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House Passes DARK Act, Banning States From Requiring GMO Labels on Food

Legislation dubbed the Deny Americans the Right to Know, or DARK Act (H.R. 1599), passed the House of Representatives yesterday by a vote of 275-150. The bill preempts state and local authority to label and regulate genetically engineered (GE) foods. A Senate version of this bill has not yet been introduced.

The bill, backed largely by House Republicans, codifies a voluntary labeling system approach, blocks the U.S. Food and Drug Administration from ever implementing mandatory GE food labeling and allows food companies to continue to make misleading “natural” claims for foods that contain GE ingredients.

A number of farm state Democrats joined House Republicans in passing the bill. Twelve Republicans voted against the bill citing infringement of states’ rights and local control.

“It’s outrageous that some House lawmakers voted to ignore the wishes of nine out of 10 Americans,” said Scott Faber, senior vice president of government affairs for Environmental Working Group (EWG). “Today’s vote to deny Americans the right to know what’s in their food and how it’s grown was a foregone conclusion. This House was bought and paid for by corporate interests, so it’s no surprise that it passed a bill to block states and the FDA from giving consumers basic information about their food.”

More than 300 organizations, companies and food industry and social justice leaders oppose the DARK Act in the face of massive spending and lobbying by big chemical and food companies, according to EWG. Polls show a large majority of people in key states and across the country support mandatory GMO labeling.

“We’re confident the Senate will defeat the DARK Act,” added Faber. “We continue to hope that thoughtful food companies that listen to their customers will work with consumer groups to craft a non-judgmental GMO disclosure to put on the back of food packaging. Americans should have the same right as citizens of 64 other countries to know what’s in their food and how it’s grown.”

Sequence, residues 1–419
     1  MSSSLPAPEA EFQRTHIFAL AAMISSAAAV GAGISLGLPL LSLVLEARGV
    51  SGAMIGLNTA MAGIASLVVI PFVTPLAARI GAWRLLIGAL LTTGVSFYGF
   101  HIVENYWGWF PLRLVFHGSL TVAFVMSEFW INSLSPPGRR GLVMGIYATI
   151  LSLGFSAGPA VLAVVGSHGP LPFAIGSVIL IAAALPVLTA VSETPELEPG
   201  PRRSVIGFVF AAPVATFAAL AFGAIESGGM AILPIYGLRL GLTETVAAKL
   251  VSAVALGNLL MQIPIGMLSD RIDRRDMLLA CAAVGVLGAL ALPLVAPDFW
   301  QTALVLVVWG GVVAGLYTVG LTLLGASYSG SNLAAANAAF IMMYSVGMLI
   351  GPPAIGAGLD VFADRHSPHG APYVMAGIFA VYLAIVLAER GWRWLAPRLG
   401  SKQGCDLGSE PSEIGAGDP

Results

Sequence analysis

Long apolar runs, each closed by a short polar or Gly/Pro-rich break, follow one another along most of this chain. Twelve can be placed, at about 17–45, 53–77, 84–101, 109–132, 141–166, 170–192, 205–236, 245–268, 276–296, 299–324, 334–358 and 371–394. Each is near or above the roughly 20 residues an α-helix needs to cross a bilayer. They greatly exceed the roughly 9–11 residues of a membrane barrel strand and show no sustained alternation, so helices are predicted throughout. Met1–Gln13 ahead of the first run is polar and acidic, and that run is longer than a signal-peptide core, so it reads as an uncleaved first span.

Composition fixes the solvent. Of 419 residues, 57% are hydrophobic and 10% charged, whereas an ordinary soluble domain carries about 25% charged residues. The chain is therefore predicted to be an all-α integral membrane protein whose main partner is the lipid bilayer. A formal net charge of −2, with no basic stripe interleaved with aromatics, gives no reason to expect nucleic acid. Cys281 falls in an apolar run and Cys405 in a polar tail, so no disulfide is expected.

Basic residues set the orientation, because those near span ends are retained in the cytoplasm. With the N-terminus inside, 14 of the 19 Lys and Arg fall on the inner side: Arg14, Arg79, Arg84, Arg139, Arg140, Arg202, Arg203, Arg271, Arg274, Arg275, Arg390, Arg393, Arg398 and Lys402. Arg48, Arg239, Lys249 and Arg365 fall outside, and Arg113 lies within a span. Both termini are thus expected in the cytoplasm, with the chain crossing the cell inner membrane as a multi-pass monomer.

Americans should have the same right as citizens of 64 other countries to know what’s in their food and how it’s grown. Image credit: Just Label It

To call on Americans to ask popular food brands to stop funding anti-labeling efforts and stand with the overwhelming number of Americans who support mandatory GMO labeling, Just Label It launched the “Conceal of Reveal” campaign.

Read page 1

"We are disappointed but not surprised that the majority of House members have sided with large chemical and food companies to protect corporate interests over the 90 percent of American citizens who simply want the right to know more about their food,” said Gary Hirshberg, chairman of Stonyfield Farm and chairman of Just Label It.

“As a long-time food executive, I find it hard to believe that smart companies like PepsiCo, Coca-Cola, General Mills, Kellogg’s and Campbell’s are willing to risk their reputations to avoid putting a couple of additional words in their ingredient panelsl" said Hirshberg.

"Instead, they continue to fund efforts that are exactly the opposite of what their consumers clearly want. It is clear that the tide of consumer support favors more transparency. Americans will now know how their representatives voted and that their favorite brands are keeping them in the dark.”

More than 30 states introduced legislation to require GE labeling in 2013 and 2014, with laws recently passed in Vermont, Connecticut and Maine, according to Center for Food Safety.

“Passage of this bill is an attempt by Monsanto and its agribusiness cronies to crush the democratic decision-making of tens of millions of Americans. Corporate influence has won and the voice of the people has been ignored,” said Andrew Kimbrell, executive director of Center for Food Safety. “We remain confident that the Senate will preserve the rights of Americans and stand up for local democracy.”

Center for Food Safety supports bipartisan legislation introduced by Sen. Boxer and Rep. DeFazio called the Genetically Engineered Food Right-to-Know Act, which would require that food manufacturers label foods that contain genetically modified ingredients. This bill would guarantee Americans the right to know what is in their foods while respecting the need by companies for a uniform, federal standard.

According to Center for Food Safety, a number of messaging amendments were offered by champions of labeling and states’ rights intended to underscore the bill’s flaws, however all four failed to pass:

Leading opponent of the bill, Rep. Peter DeFazio (D-OR) offered an amendment that if passed would have required that any U.S. company who produces a product in the U.S. be bound by the same labeling requirement held in another country.

Rep. Chellie Pingree (D-ME) offered an amendment that would have removed everything from the underlying bill with the exception of provisions establishing a non-GMO certification program at USDA.

Rep. Rosa DeLauro (D-CT) offered an amendment to specify that as FDA defines the term “natural,” that it does so to exclude GE foods and ingredients.

An amendment offered by Rep. Jared Huffman (D-CA) would have ensured that the preemption provisions in the underlying bill do not abdicate the sovereign right of Native American tribes to prohibit or restrict the cultivation of GE crops on tribal lands.

An amendment to change the name to the Denying Americans the Right to Know or DARK Act was introduced by Rep. Jared Polis (D-CO) after the final vote.

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